Mr. Morchain: I mean, in terms of my experience with the way I’ve engaged personally with this work, for me it’s been—it has taken me to increase my awareness of what I do and the action that I take or not take, and how that also has an impact on environment, but also on people. Things like the way you treat people on a daily basis, in the street, anywhere. This kind of thing, it’s actually so important. And how important it is also when you have a nice conversation with someone, or when someone holds the elevator for you downstairs for the building, or something like. These small things, I think, really add up to so much in our lives. From the small things to taking decisions on what to eat, what kind of consumption patterns to have. A lot of that, I’ve been much more aware. I know that traveling is also a big one and that’s one that I haven’t been able to cap, because for work, it’s…


Mr. Morchain: But that’s one thing. And the other thing I’ve really discovered is really how weak I think that I am. From a point of view of meeting so many people in different parts of the world and seeing how they have had to deal with situations and, in a way, how incredibly strong some people are. I remember a lady was telling me about her experience when typhoon Haiyan hit the Philippines and how she was in her house, with her family, and it was just like an incredible storm, rain, rain, rain. The water kept on going up, it was up to the level of their thighs. And she was just there, kind of crying, kind of praying, and that was it. And then, the night ended. Finally, when the water was up to, I don’t know, above the waist, OK, it stopped, the next day started. And I said, “Well, what do you do?” And she said, “Well, the next day, we just started to put things back in order and back to work as much as much as possible.”

And I just—for something that is one-thousandth of that, I would crumble. I realized how really also, I guess, the privileged position that I’m in, in being able to not have to deal with these really heavy things that happened, that millions and billions of people around the world have to do.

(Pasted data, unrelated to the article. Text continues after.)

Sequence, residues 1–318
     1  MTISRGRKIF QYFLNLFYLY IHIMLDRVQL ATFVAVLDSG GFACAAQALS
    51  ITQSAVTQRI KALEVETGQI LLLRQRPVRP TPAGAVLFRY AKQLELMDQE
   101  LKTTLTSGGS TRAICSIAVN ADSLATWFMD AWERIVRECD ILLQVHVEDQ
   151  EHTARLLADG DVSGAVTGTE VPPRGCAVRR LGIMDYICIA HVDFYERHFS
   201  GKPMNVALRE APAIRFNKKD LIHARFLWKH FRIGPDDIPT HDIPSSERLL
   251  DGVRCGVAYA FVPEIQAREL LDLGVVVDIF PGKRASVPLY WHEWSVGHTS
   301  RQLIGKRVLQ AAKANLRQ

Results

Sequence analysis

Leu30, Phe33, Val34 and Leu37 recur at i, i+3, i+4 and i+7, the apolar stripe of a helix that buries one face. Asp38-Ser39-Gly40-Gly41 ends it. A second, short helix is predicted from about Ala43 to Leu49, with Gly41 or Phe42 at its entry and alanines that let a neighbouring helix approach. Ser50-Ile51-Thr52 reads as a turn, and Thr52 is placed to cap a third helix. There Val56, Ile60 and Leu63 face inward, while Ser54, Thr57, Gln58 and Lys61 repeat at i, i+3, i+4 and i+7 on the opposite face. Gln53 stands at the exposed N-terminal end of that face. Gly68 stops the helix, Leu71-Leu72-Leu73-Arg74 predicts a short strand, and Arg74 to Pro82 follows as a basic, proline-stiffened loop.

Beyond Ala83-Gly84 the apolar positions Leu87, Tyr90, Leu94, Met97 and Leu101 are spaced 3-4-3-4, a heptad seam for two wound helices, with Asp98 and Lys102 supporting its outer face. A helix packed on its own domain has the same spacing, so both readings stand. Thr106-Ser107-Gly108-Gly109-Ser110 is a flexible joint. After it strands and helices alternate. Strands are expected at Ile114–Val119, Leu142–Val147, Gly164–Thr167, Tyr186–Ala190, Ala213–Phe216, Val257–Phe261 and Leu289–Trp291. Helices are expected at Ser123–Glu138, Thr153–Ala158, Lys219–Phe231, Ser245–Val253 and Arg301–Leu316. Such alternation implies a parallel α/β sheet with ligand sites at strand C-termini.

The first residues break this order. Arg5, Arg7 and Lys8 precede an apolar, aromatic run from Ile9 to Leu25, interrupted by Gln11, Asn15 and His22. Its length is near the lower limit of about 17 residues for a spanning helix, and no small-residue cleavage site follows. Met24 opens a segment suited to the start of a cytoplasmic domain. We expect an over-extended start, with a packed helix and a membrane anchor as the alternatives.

Host: Now, going forward, where do you think are the gaps of what should we do?

Mr. Morchain: One of the things that I think we should do is not yet move on to the next big thing. It really terrifies me, scares me the fact that so quickly, there’s a branch of research, a branch of thinking that is just thinking way too far ahead, “OK, what do we do?” Geoengineering solutions, these kinds of things. Ignoring the possibility that we still have to actually take action and improve our lives today and the environmental where we live if we just change some of the behaviours that we have. What scares me is that we don’t want to explore those more difficult things.

For example, also around choices, around food choices, particularly in the Global North. Why don’t we go stronger on that? Because that has such an incredible impact on greenhouse gas emissions. Why don’t we take a radical action there—because it affects our lifestyles, that’s why we don’t do it—why don’t we take a radical action there and use that as an easier pathway to climate change adaptation and [inaudible] development, poverty eradication and so on, rather than thinking, “No, well, we have to do our solutions that are extraterrestrial, that are out there, that are about soil radiation management and all of that.” And we don’t know the risks about it, we don’t know the costs about it, but even more so, that means we’re just allowing the system as it is today, the powers that are to remain in power and none of that to change.

When we say, “What’s next and what are the gaps?” I say, “Let’s remember that a lot of the times, the solutions that we have are not too crazy out there.” They are closer to what we think. It is a lot about understanding these things that we’ve been talking about around valuing people, valuing views, hearing, listening more. Often, the solution is that we just don’t want to hear it. Because sometimes we don’t hear it, sometimes we don’t want to hear it because if we hear it, that means we have to change quite a bit and we don’t want to change. We always think about the change elsewhere. I think this is very common even from a development sector. And that makes us so similar to the fossil fuel companies: we don’t want to change, we don’t want the transformation that we’re saying everywhere has to happen.